The British announced an award of Rs 500 for handing Birsa over to them. On 3 February, 1900, he was caught while he was sleeping deep inside the forests to the west of Sentra. His trial was conducted behind closed doors. He was charged with revolting against the government and spreading terror. No one was allowed to represent him. He was tortured in jail. On 20 May came the news that he was ill. On 1 June, there were rumours that he was suffering from cholera. He died in the prison on the morning of 9 June. 

Novelist Mahashweta Devi writes in Jungle Ke Davedar: “At 8 in the morning, Birsa lost consciousness after vomiting blood – Birsa Munda, son of Sugna Munda, aged 25 years, undertrial prisoner. He was caught on the third of February but the British didn’t have a case against him and the other Mundas even at the end of the month. Birsa had been arrested under several sections of the Criminal Procedure Code but he knew that he would not be sentenced. A doctor was summoned. He felt his pulse. It had stopped. Birsa Munda had not died. The ‘god’ of Munda Adivasis was dead.”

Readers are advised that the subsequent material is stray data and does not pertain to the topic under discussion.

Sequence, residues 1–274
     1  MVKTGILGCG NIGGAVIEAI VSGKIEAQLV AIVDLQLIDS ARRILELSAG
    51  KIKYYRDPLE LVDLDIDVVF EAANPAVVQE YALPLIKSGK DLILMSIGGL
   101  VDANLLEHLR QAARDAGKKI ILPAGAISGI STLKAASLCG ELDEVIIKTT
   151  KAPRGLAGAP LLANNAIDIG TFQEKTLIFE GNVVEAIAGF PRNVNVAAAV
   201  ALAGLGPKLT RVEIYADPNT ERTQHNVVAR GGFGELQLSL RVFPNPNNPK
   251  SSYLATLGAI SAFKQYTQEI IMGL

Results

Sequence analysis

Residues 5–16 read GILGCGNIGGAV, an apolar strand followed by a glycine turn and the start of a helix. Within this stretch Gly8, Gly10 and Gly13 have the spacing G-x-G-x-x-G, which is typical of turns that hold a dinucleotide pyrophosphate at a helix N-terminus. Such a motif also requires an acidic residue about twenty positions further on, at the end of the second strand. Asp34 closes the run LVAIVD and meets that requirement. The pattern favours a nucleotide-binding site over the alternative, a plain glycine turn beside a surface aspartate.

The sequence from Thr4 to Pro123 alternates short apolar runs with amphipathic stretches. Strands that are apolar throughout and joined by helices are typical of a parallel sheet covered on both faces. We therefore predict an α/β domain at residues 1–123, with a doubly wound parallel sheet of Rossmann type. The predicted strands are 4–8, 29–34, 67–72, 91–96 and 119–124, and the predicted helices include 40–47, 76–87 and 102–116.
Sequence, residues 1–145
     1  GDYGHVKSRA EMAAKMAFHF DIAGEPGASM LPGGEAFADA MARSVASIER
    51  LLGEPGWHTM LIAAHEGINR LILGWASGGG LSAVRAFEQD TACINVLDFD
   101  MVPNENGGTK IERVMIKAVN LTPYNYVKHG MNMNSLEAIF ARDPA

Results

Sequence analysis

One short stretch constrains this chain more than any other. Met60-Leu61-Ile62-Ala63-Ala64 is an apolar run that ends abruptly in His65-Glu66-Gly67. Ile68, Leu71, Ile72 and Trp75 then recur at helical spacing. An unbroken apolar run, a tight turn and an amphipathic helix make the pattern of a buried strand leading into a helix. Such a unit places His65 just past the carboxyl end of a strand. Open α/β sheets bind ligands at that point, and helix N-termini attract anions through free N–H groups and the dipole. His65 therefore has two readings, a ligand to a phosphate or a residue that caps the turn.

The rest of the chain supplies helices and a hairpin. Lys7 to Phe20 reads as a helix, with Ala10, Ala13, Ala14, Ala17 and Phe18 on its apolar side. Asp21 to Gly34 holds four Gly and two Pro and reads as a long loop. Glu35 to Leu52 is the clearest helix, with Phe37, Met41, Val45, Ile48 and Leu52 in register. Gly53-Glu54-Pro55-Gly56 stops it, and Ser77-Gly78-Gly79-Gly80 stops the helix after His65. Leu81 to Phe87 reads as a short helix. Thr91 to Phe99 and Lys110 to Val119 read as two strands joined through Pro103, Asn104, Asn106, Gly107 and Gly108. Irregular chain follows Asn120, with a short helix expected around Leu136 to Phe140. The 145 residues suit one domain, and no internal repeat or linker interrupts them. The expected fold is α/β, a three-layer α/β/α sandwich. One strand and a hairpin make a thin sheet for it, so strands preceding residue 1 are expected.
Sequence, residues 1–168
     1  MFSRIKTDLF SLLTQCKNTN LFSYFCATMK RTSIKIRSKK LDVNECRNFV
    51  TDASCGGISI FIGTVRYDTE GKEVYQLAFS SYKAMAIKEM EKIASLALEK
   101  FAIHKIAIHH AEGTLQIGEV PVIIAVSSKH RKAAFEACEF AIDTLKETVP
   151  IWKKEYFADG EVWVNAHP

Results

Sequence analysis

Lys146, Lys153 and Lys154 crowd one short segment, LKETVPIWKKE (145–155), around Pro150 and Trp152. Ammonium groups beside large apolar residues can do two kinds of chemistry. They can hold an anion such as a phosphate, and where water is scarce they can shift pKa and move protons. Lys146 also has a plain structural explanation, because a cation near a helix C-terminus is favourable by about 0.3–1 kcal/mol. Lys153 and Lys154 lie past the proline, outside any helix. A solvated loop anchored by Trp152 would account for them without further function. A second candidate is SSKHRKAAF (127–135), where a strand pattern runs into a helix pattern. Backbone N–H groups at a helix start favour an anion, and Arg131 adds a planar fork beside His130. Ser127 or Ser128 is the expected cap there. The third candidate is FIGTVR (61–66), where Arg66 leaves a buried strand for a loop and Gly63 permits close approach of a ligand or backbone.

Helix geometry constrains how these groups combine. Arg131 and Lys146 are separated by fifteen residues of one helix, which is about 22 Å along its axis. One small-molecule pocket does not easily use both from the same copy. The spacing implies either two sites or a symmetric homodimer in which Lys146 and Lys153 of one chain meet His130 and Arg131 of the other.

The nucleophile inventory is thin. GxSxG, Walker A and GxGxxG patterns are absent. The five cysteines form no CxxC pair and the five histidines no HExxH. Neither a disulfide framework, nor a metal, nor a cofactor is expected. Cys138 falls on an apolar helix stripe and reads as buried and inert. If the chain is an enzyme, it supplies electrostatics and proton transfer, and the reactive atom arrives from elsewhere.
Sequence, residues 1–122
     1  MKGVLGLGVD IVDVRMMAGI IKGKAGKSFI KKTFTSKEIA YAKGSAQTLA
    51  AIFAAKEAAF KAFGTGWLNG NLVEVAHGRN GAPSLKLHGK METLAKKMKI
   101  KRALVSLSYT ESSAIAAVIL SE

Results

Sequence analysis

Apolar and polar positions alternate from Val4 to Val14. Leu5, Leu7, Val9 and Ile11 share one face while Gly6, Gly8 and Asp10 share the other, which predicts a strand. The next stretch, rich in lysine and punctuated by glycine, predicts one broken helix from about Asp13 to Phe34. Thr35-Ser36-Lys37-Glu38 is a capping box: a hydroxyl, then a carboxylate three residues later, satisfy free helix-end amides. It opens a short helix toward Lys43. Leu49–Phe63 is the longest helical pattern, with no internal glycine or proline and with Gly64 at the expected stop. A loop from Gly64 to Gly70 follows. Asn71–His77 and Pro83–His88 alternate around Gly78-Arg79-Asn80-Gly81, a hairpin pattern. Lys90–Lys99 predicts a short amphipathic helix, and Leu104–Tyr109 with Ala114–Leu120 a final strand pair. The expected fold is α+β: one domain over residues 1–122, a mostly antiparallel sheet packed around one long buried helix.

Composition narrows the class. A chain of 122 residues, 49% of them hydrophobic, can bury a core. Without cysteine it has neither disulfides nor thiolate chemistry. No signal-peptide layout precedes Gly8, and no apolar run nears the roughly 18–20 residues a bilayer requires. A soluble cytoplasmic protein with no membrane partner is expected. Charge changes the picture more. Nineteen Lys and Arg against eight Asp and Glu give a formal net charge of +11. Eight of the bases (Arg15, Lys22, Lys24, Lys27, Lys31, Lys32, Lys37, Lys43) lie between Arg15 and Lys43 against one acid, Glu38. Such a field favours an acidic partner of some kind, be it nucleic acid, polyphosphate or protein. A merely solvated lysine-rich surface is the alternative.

Birsa’s martyrdom bore fruit 

With Birsa’s death, Ulgulan also came to an end. But the chain of events forced the British government to sit up and take notice. The British realized that cultural issues could trigger another Adivasi uprising in the Jharkhand area any time. And so, it began making efforts to resolve land-related issues of the Adivasis. Land Bandobast (settlement) exercise was launched in the areas considered the epicentre of Ulgulan. For the first time, legal sanction was accorded to the Khunt Katti system through the Agriculture Amendment Act. Chotanagpur Tenancy Act, 1908, was enacted to legalize the system of land transfer and for effecting land settlement by preparing land ownership documents. The Chotanagpur Tenancy Act incorporated all the laws that were promulgated over the previous 25-30 years to quell resentment rooted in land issues. They included the Chotanagpur Landlord and Tenant Procedure Act, 1879 and Chotanagpur Commutation Act, 1897.